An Important Book Review

The staff of Biologos asked me to review a new book by Discovery Institute’s Michael Denton. The book is called Evolution Still a Theory in Crisis, not an auspicious title for an evolutionist like me. But I read the book, and Im glad I did.

I think my review of the book (written with my wife and collaborator, Aniko Albert) along with an introduction by Jim Stump, Biologos Senior Editor, and a non technical summary by the Biologos Editorial Team could represent a turning point in the interactions between those who hold to Evolutionary Creationism, and some parts of the Intelligent Design movement.  I will repost the review here at a later date, but for now here is a link to the review and the other documents. Comments can be made here or there, as you wish.





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4 Responses to An Important Book Review

  1. Jon Garvey says:

    Yes indeed, Sy – a great piece of work, I mean principally from the functional point of view, rather than just the quality of the review itself, good as it is. It could help change the sociological game considerably, so well done.

    To me, the ramifications of embracing some of the new thinking could be great. For apart from Denton’s identification with the ID movement, TEs will be much more constrained to examine the other up-and-coming non-Darwinian views of evolution (brief review of Suzan Mazur’s book due on the Hump as soon as I get round to it).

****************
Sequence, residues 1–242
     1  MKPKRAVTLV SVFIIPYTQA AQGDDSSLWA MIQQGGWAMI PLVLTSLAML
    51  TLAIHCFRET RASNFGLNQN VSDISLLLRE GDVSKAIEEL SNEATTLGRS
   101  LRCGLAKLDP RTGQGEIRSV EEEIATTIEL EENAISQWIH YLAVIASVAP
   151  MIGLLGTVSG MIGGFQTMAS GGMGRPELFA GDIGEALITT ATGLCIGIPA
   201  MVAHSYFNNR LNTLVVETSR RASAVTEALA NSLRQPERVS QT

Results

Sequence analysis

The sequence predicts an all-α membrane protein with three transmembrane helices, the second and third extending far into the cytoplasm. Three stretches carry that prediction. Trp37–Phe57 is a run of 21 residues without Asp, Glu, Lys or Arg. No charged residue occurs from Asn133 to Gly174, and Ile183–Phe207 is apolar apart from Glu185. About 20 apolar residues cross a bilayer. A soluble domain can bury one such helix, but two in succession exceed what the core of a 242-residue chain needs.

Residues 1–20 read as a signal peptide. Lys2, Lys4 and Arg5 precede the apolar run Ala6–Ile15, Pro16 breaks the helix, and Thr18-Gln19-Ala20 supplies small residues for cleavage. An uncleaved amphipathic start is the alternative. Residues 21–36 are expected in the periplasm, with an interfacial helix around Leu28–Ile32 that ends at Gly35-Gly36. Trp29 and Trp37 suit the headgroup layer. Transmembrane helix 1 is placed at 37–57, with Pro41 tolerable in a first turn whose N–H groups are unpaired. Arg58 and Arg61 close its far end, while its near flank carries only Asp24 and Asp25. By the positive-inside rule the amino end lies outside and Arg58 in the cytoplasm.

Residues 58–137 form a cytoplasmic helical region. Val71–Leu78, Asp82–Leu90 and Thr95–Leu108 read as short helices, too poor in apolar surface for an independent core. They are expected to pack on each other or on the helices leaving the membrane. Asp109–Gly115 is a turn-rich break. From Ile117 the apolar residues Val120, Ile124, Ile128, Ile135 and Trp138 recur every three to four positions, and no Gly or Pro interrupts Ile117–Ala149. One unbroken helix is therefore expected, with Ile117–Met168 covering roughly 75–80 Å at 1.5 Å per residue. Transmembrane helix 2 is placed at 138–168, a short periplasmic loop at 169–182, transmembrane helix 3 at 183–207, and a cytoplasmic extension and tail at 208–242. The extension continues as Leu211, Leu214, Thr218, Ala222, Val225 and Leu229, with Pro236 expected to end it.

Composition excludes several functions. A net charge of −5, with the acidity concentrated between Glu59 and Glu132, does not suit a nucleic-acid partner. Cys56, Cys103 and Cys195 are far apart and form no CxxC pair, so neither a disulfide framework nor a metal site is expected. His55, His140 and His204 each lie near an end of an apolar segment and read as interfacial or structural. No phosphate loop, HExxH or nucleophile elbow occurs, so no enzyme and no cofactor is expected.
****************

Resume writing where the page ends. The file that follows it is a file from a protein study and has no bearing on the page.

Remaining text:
All of these new insights are quite incompatible, it seems to me, with most of the the theologies that have been formed from Darwinism, such as those majoring on the Malthusian conflict and savagery of creation (hence God not closely involved), or on the selfishness of evolution (hence human sin = selfishness = inevitable because of evolution).

    There will be new challenges too in doing proper work on the science-faith issues under the new paradigm, because ID aside, most of the new approaches do not lead directly to theism any more than Darwinism did. Being a lot more complicated than Darwin’s intuitively simple idea, they’ll be a lot more difficult to untangle from their metaphysical commitments – so I can see a new generation of Christians bending over backwards to fit God into the Third Way, rather than looking at how the Third Way points to God.

    It’ll be stimulating though!

  2. Thanks Jon

    I agree that future discussions will be interesting, and I have no idea where they will lead. And indeed (speaking of leaning over backwards) the Third Way folks make a point straight away of denying any relevance of their theories to theism. I think that all of this presents a nice challenge to theologians, and should keep them busy for quite some time.

    I think in the near term it will be a muddle, but I am optimistic that in the end, ID, TE, and the science itself will all find a way to untangle all of this complexity, and that it will eventually all point to God’s creative majesty at least as much (probably a great deal more) than we now see.

  3. SheilaDeeth says:

    Thank you. If our library gets a copy I shall certainly read this. But just reading your review gives me a clearer feeling for how to respond creatively to creationist friends.

    • I am glad Sheila. I used to be very annoyed at creationists. I find myself more willing to engage them (as long as they are also), since I believe I see some movement toward acceptance of evolution on their part as well. Perhaps the age of bitterness is waning. That would be nice.

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